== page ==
Like we’ve said throughout this whole week, neurodiverse people with conditions such as attention deficit hyperactivity disorder (ADHD) often have overlooked abilities that can be of great benefit to any organization or company. But in order to help people with neurological conditions unlock those abilities, it is essential that they are accommodating in a way that can help them overcome the challenges of those conditions—the earlier, the better. For children with ADHD, a new wave of technologies is surfacing that is designed to help teachers promote better learning amongst those children.
Students struggling with short attention spans often have their focus disrupted and have to be reminded over and over again to do something. A new technology designed to solve this issue is the vibrating watch. On a fixed interval, students can receive simple reminders to refocus on their classwork without letting other students know. This gives students control, takes the pressure away from teachers, and helps them to succeed academically all in one fell swoop.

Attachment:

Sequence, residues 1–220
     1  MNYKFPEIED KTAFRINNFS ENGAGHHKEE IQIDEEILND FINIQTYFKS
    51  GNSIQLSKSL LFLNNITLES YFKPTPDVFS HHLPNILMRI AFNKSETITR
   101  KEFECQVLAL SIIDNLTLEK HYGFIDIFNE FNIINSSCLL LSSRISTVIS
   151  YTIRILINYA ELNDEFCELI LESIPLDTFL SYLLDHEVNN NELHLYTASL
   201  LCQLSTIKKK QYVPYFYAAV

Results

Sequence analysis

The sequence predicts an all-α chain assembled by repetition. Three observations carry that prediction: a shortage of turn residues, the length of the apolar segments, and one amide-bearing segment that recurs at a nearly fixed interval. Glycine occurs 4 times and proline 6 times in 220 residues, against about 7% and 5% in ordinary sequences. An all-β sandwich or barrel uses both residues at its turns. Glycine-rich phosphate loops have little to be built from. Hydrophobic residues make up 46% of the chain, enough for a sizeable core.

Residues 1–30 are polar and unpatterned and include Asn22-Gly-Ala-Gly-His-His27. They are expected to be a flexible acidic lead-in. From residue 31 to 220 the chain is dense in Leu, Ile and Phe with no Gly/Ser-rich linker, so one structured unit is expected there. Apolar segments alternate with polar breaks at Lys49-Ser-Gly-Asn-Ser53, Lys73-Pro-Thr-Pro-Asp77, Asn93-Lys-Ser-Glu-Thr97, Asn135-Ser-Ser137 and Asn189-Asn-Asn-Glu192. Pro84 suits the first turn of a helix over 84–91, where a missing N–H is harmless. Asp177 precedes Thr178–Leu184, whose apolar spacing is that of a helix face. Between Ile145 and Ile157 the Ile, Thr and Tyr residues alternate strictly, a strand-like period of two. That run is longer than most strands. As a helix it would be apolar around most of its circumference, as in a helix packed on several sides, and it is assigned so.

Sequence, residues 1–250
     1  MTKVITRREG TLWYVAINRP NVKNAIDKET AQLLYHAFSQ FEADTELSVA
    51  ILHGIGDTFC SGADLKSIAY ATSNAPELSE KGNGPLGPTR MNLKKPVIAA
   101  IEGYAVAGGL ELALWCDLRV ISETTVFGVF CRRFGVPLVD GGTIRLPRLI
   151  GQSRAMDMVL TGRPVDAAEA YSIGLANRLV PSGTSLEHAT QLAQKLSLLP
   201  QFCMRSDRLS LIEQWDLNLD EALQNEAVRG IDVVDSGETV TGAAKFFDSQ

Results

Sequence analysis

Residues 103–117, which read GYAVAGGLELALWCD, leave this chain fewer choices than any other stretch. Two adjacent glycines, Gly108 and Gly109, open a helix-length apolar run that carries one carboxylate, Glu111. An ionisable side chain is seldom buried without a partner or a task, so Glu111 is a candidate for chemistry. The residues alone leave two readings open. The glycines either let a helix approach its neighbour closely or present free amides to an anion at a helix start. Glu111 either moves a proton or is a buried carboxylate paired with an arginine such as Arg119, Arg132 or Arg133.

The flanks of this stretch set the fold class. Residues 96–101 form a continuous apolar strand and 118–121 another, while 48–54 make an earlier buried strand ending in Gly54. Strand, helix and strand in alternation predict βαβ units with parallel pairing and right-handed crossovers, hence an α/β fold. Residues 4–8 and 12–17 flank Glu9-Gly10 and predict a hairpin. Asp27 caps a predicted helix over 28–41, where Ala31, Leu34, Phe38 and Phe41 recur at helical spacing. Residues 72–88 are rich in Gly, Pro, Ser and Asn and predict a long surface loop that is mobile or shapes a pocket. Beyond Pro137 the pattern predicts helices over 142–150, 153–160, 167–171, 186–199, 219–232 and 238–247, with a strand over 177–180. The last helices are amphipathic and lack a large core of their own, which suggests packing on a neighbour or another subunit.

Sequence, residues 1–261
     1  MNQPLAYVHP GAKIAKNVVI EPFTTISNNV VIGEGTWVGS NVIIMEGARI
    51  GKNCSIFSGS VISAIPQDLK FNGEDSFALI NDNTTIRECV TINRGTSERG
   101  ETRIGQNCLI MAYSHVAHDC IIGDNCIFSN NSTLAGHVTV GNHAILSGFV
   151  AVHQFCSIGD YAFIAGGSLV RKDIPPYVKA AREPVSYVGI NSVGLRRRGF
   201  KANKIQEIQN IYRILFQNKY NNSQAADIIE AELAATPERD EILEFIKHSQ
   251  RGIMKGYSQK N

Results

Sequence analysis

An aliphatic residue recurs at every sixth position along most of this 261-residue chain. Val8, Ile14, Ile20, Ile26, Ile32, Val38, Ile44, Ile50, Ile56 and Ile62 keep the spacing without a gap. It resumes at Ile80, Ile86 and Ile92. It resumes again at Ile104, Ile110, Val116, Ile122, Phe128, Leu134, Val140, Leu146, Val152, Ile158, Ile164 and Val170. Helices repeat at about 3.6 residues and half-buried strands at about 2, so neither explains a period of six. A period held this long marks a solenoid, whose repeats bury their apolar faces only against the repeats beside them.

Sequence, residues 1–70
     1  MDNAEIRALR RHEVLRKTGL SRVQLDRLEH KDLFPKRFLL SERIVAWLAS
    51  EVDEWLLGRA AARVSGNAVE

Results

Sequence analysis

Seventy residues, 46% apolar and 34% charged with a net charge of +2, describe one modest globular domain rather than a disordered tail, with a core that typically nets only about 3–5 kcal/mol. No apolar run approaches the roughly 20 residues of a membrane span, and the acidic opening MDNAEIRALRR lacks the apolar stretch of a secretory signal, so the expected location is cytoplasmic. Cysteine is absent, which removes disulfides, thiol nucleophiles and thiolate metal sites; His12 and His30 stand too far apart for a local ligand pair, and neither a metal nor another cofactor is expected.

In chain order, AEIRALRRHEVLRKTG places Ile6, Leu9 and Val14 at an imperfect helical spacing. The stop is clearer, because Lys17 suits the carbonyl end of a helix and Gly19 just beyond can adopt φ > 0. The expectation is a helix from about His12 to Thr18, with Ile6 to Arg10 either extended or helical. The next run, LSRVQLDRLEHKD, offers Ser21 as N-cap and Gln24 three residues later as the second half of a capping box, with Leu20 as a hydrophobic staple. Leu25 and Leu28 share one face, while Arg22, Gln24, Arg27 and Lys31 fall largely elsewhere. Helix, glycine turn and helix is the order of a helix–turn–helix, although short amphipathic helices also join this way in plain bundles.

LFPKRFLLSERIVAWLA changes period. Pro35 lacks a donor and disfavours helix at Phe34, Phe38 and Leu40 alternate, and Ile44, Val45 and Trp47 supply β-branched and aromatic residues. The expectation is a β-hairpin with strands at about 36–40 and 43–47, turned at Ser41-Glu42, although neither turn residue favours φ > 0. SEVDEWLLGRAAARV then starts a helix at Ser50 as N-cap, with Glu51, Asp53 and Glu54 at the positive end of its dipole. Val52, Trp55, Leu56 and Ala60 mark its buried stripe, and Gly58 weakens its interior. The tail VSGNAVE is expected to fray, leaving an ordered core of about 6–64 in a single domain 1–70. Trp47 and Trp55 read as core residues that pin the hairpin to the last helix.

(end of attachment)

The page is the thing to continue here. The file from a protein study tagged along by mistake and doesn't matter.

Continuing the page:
Students with ADHD might find it too difficult to sit down and read the required texts for class. With a subscription to an audiobook service such as Audible, they can listen to someone read that book to them instead. A small tablet device or mp3 player that can tap into this subscription is ideal because it allows students to be active while listening to the readings.
Similar to the difficulty with reading, many students have a hard time with processing the numbers they see on math pages. A talking calculator can help them to hear the numbers as they work out problems before submitting a final answer. This can help the answers stick in the mind before they are transferred from calculator to paper.
As we look for better ways to integrate neurodiverse people into everyday life, these types of assistive technologies can be of great benefit.